Camp Regis-Applejack, formerly a private estate, was founded as a children's camp in 1946 by Pauline and Earl Humes and is considered to be one of the most highly regarded and reputable camps in the country.
The camps have always welcomed children and staff from various religious, ethnic, and racial backgrounds. The camps do not have any formal religious services. Provisions are made only for Catholics to attend weekly Mass.
Camp Regis-Applejack has been operating for 61 years and has always prided itself on keeping current
with the best facilities that camping has to offer.
Camp directors and educators of youth should have a goal or dream of what they would like their facility to do for children. At Camp Regis-Applejack, out of the many things for which we strive, we have set four major goals:
The Regis-Applejack staff is made up of college students, graduate students, and teachers. The camp requires that all applicants will have completed at least one year of college by the time employment begins. At camp, we have two different types of staff members. The specialty counselors teach in one of our six activity areas. This includes: boating (all types), swimming (Red Cross Open Water Certificate required), athletics (with large sports fields and 6 tennis courts), pioneering-camp craft (Red Cross First Aid Certificate required), arts and crafts, and dramatics. Specialty counselors have occasional group responsibility. The other type of staff member is our group counselor. Every group has two group counselors who live in the cabin with their group. These counselors are mainly responsible for the smooth functioning of their cabin, but also are expected to assist in the specialty areas at certain times. We also have job openings for nurses (R.N.), secretaries, maintenance men, and kitchen workers.
Campers and the counselors for their group live in beautiful chalet-style wooden cabins - some built along the lake front and others decentralized in the woods nearby. These warm and home-like cabins have 3 or 4 bedrooms for approximately 12 to 18 boys or girls of one age group (generally speaking, the younger groups are smaller and the older groups are larger). The group's two counselors share a private room within the cabin. All of the campers' cabins have their own rustic living-recreation room with a large wood burning fireplace, electricity, and toilet and wash facilities.
Specialty counselors either share rooms in separate cabins, or share a private room within a children's cabin. Individual cottages are available for married staff and we are able to accept a limited number of staff children at no cost.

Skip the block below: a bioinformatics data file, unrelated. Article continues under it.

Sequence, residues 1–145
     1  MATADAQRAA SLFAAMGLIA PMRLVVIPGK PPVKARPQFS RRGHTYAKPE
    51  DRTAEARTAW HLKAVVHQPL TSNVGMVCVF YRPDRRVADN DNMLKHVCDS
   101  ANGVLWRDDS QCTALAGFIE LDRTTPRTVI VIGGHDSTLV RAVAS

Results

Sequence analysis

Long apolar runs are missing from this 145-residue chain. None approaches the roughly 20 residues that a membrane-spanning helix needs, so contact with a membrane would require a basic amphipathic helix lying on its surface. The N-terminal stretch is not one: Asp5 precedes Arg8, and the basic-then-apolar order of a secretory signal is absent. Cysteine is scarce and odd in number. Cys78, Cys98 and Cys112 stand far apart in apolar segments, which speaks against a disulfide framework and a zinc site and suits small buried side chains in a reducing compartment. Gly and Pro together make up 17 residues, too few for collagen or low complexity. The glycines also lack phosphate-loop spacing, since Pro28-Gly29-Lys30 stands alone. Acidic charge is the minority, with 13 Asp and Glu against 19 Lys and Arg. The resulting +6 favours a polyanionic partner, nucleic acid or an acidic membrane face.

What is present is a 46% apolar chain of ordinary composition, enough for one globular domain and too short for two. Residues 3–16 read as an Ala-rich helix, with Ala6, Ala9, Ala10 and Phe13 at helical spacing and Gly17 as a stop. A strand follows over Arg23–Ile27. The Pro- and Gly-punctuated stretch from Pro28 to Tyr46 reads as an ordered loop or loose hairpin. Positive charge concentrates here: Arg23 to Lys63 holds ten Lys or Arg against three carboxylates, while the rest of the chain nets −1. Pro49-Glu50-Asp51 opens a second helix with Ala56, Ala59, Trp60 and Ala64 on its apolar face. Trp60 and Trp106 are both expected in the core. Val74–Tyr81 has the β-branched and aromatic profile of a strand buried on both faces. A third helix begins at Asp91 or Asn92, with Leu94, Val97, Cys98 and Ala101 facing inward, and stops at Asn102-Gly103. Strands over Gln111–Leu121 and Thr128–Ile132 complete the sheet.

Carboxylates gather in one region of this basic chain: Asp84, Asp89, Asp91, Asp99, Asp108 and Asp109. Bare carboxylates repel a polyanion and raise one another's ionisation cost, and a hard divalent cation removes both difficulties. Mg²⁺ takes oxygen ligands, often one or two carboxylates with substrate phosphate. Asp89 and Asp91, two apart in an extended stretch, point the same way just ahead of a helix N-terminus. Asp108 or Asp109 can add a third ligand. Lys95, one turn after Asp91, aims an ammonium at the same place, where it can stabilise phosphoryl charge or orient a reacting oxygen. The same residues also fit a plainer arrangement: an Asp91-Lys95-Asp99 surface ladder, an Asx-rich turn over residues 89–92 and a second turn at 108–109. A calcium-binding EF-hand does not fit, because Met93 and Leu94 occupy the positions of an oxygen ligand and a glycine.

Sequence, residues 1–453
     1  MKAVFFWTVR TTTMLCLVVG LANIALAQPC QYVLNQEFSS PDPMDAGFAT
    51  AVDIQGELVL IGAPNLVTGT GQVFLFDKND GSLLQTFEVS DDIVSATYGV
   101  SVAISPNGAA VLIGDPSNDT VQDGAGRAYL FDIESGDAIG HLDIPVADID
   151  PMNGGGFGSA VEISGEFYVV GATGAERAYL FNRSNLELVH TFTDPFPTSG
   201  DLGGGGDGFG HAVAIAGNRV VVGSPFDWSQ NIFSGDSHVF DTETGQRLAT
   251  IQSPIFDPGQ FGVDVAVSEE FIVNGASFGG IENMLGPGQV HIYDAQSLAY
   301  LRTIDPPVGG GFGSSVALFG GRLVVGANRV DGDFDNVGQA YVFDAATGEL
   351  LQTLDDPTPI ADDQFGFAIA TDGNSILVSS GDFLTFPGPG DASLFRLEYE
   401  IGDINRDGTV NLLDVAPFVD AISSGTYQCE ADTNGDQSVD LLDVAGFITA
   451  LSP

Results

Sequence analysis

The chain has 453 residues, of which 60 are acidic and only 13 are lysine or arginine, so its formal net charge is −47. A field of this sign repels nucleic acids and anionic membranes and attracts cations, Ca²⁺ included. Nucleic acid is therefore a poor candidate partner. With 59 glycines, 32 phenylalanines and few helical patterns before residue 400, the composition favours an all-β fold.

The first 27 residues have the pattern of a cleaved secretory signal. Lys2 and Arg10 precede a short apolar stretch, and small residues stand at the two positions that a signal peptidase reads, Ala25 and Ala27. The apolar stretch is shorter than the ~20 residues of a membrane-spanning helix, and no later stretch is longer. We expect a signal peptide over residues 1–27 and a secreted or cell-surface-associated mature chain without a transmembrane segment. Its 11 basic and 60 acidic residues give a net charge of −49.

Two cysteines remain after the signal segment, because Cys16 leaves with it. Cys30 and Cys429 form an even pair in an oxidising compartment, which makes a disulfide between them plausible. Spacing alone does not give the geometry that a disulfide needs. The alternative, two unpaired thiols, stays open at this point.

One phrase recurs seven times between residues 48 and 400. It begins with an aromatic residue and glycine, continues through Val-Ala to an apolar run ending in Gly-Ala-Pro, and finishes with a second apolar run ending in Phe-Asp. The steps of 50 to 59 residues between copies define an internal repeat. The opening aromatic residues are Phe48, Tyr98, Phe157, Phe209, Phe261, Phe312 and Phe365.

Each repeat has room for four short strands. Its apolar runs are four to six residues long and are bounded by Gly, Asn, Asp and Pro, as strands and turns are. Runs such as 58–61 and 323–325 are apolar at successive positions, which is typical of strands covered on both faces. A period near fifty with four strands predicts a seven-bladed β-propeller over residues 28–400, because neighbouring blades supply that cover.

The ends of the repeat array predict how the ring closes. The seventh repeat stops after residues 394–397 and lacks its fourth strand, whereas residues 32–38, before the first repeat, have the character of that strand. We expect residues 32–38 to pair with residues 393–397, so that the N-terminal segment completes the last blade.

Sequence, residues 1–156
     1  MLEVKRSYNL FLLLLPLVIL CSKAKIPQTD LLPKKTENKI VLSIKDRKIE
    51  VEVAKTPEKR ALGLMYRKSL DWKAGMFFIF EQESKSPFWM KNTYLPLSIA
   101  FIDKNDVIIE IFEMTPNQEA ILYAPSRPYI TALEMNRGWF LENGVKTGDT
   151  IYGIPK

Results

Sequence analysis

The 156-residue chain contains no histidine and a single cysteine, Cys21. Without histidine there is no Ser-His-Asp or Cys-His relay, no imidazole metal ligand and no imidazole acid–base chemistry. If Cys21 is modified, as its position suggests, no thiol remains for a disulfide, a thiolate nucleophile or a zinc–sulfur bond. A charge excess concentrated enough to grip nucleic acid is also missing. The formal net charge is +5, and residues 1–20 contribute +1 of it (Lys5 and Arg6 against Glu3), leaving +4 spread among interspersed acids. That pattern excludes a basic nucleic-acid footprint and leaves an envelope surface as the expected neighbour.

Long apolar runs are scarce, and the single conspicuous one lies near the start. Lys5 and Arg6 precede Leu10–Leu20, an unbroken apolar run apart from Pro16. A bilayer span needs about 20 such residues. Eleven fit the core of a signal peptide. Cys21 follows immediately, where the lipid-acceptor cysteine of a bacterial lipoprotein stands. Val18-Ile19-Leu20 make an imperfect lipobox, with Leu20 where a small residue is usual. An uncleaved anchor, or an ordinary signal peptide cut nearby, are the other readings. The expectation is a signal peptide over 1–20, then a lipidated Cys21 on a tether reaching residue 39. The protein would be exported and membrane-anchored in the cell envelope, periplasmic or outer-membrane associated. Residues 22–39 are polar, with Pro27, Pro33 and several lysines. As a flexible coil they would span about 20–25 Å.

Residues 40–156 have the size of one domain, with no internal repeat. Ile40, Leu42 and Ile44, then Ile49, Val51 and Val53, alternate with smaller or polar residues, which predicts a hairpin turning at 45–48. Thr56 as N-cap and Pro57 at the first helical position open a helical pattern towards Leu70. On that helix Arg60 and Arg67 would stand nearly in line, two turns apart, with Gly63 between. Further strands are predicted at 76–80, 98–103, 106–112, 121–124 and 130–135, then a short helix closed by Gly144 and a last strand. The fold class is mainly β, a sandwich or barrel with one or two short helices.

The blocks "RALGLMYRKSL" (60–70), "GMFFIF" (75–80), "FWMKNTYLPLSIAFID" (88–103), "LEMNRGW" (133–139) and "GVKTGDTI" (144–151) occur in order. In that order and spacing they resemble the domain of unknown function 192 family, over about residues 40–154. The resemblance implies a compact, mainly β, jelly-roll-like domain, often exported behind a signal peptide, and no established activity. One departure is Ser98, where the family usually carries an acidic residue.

General purpose buildings include a large recreation hall, a theater, a well equipped arts and crafts studio, a pavilion with fireplace, three boat houses, and a dining room that accommodates the entire camp at one seating.
Camp Regis-Applejack operates for 8 weeks starting in late June and ending in the latter part of August. Staff come to the camp seven days prior to the arrival of the campers so that they can participate in our orientation and conference. It is during this time that we go into our philosophy of camping, program, daily schedule, and expectations. We will expend quite a bit of time dealing with successful ways of working with children. There will also be ample time set aside during this seven day period for the staff to work together getting the activity areas open and preparing the cabins and campus for the campers' arrival.
During the summer, the administration is always available to give guidance, additional training, and will cooperate to help in any way possible to make the summer successful for both campers and staff. At the close of the camp, staff help to pack the campers' belongings and close down the cabins and activity areas.
We have a ratio of about one staff to every three campers. We do this so that you will not be worn out by the twenty-four hour resident camping day. Even with a large staff, the hours are long. To help compensate for this, there are periods set aside during the camp day for counselors' rest and relaxation. Along with this, there is free time within the camp between 9:30 and 11:55 PM, except for those evenings (about twice a week) when, during this time, you will have night duty in a camper cabin. Once a week (with the exception of the first week of camp), each staff member will have a continuous 34 hour extended "day off". This allows enough time to go on a camping trip, see a performance at Saratoga Performing Arts Center, or go up to the wonderful bi-cultural, bi-lingual city of Montreal (90 miles north of camp).
We like to arrive at a fair salary and we feel that our salary schedules are competitive with other camps in the country. Salaries are commensurate with age, education, experience, annual increments, etc. However, we want you to come to Camp Regis-Applejack because you are comfortable with the camp and our philosophy and not because we offer you a larger salary than another camp.
Keep in mind that your salary is in addition to room, board, laundry privileges, and a $200.00 travel and outfitting allowance.
Many of our staff are eligible to receive college credit for their camp work. Check carefully with your departments of recreation, education, or health education, to see whether a "Camping for Credit" course is available at your college or university. This will allow you to not only reap the benefits of a good camping experience but will also allow you to pick up two or three credits towards your degree.
CAMP REGIS-APPLEJACK IS A FULLY ACCREDITED
MEMBER OF THE AMERICAN CAMPING ASSOCIATION
Paul Smith's, NY 12970
Summer: (518) 327-3117
Winter: (609) 688-0368